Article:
So today, I am sharing a post on how I made pinwheel rolls.

To start, I added warm water, oil, yeast and sugar into a mixing bowl. This was left to stand for 15 minutes for the yeast to do its work.

At the end of 15 minutes, you should see quite a bit of foam. Under the foam, there was still liquid.

Into this, I added flour, egg and salt.

Then using a dough hook, I mixed this for 2-3 minutes, until the dough came together.

I rubbed some oil on my hands so I could transfer the dough onto my already lightly oiled work surface.

Then I used my hands to knead the dough.

Step 1: I pushed the dough outwards away from me.
Step 2: I folded about 1/3 of the dough towards me.
Step 3: I folded again.
Step 4: I turned the dough 90° anti-clockwise.

I repeated this 2 more times.

I formed the dough into a ball. I cut the ball (roughly) into 2 equal parts with a lightly oiled pastry scraper.

I took one of the balls of dough, and rolled it out with a lightly oiled rolling pin until it was about 1 cm thick.

I laid out the ham and sprinkled the shredded cheese evenly on the ham.

Then I rolled the dough as tightly as I could, and pinched the seams to seal.

I trimmed the ends and cut the roll into slices of about 2.5 cm thick. You can cut them into thicker slices if you wish.

The rolls were placed in an oiled baking tray, covered with a piece of damp tea towel, and left to rest for 10 minutes. At the end of 10 minutes, the rolls would have expanded a little.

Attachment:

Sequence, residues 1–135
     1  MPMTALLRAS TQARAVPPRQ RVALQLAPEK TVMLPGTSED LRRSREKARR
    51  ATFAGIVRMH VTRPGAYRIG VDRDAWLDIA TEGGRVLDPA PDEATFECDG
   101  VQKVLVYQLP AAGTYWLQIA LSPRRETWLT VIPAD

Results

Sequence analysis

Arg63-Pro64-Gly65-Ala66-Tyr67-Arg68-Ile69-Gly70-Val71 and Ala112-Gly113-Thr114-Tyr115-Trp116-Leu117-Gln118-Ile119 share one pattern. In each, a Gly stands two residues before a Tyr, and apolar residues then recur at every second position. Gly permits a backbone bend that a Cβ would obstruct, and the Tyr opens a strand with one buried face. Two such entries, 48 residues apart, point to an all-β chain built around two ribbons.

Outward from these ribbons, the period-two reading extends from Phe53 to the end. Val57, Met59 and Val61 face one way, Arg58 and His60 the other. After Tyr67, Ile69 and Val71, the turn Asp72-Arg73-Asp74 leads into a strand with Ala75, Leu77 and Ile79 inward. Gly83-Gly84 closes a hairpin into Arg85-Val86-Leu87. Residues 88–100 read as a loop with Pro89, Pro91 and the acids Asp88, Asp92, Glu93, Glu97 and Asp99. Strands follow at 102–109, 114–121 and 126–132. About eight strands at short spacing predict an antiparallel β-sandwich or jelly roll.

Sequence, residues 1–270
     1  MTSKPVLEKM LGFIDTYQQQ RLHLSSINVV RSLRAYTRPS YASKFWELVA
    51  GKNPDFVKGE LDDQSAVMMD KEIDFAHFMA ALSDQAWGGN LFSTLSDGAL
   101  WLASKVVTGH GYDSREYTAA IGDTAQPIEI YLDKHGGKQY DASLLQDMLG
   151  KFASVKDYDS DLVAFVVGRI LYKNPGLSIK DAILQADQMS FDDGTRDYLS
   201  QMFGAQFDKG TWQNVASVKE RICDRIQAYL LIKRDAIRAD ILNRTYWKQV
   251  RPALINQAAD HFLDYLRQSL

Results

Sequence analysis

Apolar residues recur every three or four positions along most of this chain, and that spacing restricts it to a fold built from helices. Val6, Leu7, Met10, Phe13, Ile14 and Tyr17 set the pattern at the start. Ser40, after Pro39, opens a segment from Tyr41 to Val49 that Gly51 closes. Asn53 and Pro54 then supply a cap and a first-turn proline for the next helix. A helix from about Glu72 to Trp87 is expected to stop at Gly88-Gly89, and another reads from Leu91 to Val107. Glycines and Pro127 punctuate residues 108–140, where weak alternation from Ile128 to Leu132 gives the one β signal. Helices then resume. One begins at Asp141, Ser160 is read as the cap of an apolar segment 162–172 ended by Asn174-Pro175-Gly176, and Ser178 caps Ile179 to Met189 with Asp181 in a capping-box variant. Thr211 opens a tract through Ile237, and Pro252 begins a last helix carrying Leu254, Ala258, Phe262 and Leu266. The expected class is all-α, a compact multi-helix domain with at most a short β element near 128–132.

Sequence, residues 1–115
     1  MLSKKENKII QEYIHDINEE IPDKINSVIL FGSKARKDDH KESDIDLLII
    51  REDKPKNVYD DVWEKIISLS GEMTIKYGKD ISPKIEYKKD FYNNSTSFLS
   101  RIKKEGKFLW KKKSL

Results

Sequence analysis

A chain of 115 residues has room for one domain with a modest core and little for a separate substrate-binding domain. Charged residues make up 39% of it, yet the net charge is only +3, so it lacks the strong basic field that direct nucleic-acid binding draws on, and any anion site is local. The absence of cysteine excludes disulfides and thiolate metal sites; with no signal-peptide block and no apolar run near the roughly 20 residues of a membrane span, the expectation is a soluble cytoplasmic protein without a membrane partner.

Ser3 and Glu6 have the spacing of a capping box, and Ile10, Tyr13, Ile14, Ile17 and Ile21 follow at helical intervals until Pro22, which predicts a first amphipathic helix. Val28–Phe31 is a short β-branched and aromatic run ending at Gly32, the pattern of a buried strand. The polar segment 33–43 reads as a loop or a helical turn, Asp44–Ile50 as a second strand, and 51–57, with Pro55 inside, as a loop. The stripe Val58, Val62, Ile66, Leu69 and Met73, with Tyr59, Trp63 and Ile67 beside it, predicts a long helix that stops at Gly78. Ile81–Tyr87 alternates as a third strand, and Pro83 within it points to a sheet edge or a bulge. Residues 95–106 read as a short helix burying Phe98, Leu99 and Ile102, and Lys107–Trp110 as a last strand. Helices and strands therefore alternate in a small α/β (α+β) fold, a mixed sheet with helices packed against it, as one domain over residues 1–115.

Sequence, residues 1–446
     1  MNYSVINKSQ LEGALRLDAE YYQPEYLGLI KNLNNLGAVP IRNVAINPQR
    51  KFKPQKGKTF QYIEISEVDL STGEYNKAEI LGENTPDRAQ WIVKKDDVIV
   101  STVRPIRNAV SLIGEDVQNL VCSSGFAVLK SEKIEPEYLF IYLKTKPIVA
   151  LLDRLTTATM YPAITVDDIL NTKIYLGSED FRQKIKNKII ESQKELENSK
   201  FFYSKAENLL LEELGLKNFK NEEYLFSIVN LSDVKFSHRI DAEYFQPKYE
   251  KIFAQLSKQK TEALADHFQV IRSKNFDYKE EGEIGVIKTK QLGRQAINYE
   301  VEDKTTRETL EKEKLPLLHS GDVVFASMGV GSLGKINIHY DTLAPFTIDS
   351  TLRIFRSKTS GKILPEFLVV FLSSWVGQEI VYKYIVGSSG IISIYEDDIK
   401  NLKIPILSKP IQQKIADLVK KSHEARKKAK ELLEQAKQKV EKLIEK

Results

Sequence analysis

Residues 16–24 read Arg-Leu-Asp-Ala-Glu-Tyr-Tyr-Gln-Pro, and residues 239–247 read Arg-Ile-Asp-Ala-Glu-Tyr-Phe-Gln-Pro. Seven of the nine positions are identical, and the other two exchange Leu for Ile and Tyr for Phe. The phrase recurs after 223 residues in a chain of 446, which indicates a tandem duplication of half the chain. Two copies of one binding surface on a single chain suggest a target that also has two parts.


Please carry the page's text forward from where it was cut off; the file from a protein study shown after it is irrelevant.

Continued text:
I gently brushed the rolls with an egg wash (egg + milk).

And baked the rolls for 12 minutes.

I brushed the rolls with a little melted butter. This step is purely optional.

I transferred the bread rolls onto a wire rack to cool completely.

This is such a fantastic recipe.

I actually make all sorts of bread rolls about 4-5 times a week now.

Try it.

You'll most likely fall in love with this recipe as I had done!

40 Minute Ham and Cheese Pinwheel Bread Rolls (Makes 16)
Adapted from YourHomeBasedMom

1 cup plus 2 tablespoons warm water
1/3 cup oil - I used canola oil
2 tablespoons (about 16g) active dry yeast (or instant yeast)
1/4 cup sugar
1 1/2 teaspoons salt
1 egg
3 cup (about 476 g)bread flour - I used 2 cup bread flour + 1 1/2 cup plain flour
9 slices ham
1 cup shredded cheese - I used UK Leister
1 egg + 3 tablespoons milk, beaten
50g butter, melted (optional)

1. Heat oven to 220C.
2. In your mixer bowl combine the water, oil, yeast and sugar and allow it to rest for 15 minutes. Using your dough hook, mix in the salt, egg and flour.